Merging Pedagogy & Instructional Game Design

Posted by InSync Training on Jul 26, 2016 2:34:38 PM

BYTE SESSION RECAP 

52891779_s.jpgGamification and game-based training are two topics trending in learning and performance. Many organizations have yet to embrace these approaches because there’s a perception that fun doesn’t equate to real learning. In reality, though, when incorporated with traditional instructional design theory, games have huge potential for learners.

Recently, Dr. Stephen Slota, owner of The Pericles Group, joined our BYTE roster for his presentation It’s In the Game: Merging Contemporary Pedagogy & Instructional Game Design. This blog will share his views about the power of learning through storytelling, and the differences between gamification and game-based learning.

To review all the wisdom imparted during Dr. Slota’s session, view his full presentation here

Learning through storytelling  

The power of story in reference to learning is grounded in our humanity. Dr Slota explained,

“Stories are what define us as people and as a species. Humans learned and transmitted knowledge through storytelling, even before there was such a thing as written language. We have Aboriginal cave paintings, Japanese art, Native American art, Egyptian Hieroglyphics, before finally going into Greek and Roman eras when we start seeing written language. It’s not new. This is a very interesting, unique quality that we have as human beings. We transmit information generationally by storytelling.” 

Keeping this biology in mind helps us to understand the value narrative games and stories have when it comes to creating effective learning. When designing any type of learning, we need to create an environment where students can truly learn the specified objectives, and hopefully use these new skills back on the job. We need to remember to take advantage of our biology. Using games with story woven through them is one way to accomplish that goal.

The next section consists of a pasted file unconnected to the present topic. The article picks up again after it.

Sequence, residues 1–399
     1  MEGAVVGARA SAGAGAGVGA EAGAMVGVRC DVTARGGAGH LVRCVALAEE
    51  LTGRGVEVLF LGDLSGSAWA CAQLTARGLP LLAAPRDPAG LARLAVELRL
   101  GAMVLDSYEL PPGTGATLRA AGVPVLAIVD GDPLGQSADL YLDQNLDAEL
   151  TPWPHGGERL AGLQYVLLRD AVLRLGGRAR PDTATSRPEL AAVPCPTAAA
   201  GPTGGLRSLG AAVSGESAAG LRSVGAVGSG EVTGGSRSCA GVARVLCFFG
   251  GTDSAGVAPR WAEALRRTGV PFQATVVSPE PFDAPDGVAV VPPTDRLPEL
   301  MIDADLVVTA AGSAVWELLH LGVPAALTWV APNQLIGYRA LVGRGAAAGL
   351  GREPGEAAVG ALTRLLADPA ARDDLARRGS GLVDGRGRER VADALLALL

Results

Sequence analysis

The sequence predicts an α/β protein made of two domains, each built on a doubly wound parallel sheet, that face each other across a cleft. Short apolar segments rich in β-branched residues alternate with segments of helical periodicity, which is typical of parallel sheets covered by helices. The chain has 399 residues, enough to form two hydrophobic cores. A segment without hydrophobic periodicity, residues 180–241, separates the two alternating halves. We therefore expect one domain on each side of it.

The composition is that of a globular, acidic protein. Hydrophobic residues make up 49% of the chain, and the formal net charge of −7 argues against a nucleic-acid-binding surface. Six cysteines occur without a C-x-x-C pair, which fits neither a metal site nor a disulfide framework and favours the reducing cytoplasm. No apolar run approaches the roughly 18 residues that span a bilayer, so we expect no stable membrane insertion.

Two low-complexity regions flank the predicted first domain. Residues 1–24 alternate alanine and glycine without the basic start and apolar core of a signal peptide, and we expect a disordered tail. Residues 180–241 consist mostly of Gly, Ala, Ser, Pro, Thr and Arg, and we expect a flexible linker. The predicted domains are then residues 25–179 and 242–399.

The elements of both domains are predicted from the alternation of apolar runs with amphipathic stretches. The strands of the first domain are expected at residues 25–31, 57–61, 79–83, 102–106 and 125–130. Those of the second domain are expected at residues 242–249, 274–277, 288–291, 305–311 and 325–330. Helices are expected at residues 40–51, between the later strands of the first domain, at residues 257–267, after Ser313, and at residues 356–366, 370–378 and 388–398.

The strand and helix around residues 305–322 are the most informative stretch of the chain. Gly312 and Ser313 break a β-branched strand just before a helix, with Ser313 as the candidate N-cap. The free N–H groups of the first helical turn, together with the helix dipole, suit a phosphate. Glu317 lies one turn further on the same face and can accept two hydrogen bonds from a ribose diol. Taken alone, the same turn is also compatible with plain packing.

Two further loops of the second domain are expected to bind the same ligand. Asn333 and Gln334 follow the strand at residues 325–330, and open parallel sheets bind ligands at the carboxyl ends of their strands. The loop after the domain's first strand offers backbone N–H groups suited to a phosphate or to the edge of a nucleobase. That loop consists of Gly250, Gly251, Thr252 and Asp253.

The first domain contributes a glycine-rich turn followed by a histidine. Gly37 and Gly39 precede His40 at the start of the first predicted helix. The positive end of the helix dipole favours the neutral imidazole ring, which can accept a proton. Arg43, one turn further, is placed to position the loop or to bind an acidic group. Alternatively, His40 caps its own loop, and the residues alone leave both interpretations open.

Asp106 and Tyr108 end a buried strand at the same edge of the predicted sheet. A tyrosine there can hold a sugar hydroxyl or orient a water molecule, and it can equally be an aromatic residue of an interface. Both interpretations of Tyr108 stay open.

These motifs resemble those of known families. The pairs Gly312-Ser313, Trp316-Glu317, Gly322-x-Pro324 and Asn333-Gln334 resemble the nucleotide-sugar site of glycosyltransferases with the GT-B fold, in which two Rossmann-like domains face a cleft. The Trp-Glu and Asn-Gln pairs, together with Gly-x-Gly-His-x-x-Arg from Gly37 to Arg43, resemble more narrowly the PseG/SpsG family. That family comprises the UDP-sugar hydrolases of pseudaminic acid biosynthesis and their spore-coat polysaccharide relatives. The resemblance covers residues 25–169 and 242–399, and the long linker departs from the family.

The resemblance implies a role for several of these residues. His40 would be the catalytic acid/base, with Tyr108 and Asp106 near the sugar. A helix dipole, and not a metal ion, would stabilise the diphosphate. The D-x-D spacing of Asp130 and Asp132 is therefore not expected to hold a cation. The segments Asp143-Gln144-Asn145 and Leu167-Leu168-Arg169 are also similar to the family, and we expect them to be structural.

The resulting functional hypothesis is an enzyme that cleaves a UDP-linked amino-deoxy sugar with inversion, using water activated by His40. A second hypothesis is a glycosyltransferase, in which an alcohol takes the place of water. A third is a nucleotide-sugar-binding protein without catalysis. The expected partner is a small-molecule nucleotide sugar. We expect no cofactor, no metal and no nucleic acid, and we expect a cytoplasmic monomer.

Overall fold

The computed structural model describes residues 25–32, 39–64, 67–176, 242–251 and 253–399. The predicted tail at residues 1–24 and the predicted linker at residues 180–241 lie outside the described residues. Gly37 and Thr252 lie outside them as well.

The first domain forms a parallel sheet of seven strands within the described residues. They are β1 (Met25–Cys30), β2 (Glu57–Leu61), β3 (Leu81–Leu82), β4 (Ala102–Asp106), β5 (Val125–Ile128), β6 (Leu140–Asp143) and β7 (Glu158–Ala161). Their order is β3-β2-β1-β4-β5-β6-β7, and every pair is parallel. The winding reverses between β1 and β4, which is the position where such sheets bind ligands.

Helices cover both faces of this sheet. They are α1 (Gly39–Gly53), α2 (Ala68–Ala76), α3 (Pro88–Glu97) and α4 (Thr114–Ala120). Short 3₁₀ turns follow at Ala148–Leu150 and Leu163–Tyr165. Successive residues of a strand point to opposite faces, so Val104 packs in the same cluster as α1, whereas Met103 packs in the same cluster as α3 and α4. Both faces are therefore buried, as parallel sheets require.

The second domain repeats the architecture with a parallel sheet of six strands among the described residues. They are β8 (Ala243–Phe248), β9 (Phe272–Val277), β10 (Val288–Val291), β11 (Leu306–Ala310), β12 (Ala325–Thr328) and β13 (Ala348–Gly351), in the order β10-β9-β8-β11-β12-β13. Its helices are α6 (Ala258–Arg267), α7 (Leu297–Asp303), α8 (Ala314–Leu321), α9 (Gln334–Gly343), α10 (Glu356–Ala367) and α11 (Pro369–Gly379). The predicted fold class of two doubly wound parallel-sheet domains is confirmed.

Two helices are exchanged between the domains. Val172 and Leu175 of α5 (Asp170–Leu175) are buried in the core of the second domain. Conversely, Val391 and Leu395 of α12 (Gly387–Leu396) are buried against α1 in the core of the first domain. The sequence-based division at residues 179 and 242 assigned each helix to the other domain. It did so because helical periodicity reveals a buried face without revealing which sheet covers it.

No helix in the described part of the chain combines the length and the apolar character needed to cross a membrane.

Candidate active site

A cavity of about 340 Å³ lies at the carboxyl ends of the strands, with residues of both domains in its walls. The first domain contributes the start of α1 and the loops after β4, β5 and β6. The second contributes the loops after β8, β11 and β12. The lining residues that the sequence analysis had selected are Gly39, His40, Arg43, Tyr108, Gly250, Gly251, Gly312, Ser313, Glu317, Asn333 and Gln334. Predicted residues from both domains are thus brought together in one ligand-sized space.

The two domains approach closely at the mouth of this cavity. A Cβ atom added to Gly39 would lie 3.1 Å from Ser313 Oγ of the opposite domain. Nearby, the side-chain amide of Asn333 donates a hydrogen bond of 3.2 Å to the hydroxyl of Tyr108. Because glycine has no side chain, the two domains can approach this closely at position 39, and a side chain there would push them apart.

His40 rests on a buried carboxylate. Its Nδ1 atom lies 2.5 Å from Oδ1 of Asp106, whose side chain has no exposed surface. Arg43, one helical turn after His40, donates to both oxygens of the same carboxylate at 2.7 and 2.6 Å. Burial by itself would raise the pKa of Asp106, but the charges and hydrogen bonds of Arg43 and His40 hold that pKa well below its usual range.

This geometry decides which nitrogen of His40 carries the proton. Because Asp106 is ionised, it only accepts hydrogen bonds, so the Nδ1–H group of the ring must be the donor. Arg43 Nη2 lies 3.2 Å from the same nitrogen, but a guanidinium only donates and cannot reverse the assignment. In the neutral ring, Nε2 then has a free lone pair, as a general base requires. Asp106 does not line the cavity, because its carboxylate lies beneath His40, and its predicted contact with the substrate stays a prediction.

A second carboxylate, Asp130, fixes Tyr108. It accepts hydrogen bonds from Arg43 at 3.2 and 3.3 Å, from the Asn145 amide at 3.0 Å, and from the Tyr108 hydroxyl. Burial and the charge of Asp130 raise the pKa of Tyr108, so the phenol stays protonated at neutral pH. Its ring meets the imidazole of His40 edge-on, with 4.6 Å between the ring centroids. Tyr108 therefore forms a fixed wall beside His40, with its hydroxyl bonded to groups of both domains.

Gamification vs. game-based learning 

While they sound the same, gamification and game-based learning are actually quite a bit different from one another. Dr. Slota explained that, “Game-based learning is usually driven by something that is explicitly done in a class or course that mimics a game and includes those playful elements.” Oftentimes, this approach uses narrative to encourage critical thinking and problem solving.

Gamification, on the other hand, is “more of an adoption of specific game mechanics that are oriented toward a particular behavior and scoring points.”  More succinctly, gamification uses game mechanics in a non-game context to encourage certain learner behavior.

When you begin designing games, keep in mind that doing so is very similar to designing instructional environments. How? Dr. Slota asserted that they both operate on the same principals, and used the ADDIE model as an example:

“In ADDIE, we design, we revise, we develop, we implement, and analyze.  Along the way we evaluate to see if what we are doing is working or not working.  In an educational game design, focus on the learning objective - is the game helping my students meet a particular learning objective?  It’s not just about reaching the end of the game. it’s about gamifying to make students join a leader board and try to do better based on competition. It’s about looking at those learning objectives and deciding what is the best way, the optimal way, to get my students to achieve a certain goal. [Design both games and learning environments with the intent that the] learning objectives should specifically correlate to the game objective counterpart.”  

Dr. Slota’s session included a number of useful approaches, including a detailed process for how to build a game into your learning. To review this step-by-step guide, to discover a development strategy, and to learn why gamification and game-based learning matter today, review the full BYTE session recording here.

You can also follow Dr. Slota on Twitter @steveslota and review the resources he provided during his session:

Topics: Gamification, Instructional Design